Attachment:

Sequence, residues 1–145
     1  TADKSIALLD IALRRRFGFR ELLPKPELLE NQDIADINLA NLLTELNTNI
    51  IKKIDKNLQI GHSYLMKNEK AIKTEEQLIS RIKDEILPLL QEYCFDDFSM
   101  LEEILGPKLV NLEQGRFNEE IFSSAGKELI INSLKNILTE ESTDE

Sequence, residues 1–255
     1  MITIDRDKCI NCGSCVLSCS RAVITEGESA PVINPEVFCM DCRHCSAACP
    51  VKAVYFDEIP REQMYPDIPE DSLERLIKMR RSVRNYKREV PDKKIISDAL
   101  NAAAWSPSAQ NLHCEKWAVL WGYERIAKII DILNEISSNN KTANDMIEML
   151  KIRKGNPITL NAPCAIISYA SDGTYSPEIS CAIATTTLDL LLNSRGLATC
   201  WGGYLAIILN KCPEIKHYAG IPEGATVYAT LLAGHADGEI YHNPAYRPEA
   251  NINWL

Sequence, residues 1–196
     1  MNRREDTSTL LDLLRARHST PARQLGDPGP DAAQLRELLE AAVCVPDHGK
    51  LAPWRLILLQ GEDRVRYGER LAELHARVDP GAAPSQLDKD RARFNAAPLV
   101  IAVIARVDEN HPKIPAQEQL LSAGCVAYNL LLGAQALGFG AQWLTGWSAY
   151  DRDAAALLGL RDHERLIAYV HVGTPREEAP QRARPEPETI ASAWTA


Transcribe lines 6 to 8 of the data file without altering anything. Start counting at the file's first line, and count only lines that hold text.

     1  MITIDRDKCI NCGSCVLSCS RAVITEGESA PVINPEVFCM DCRHCSAACP
    51  VKAVYFDEIP REQMYPDIPE DSLERLIKMR RSVRNYKREV PDKKIISDAL
   101  NAAAWSPSAQ NLHCEKWAVL WGYERIAKII DILNEISSNN KTANDMIEML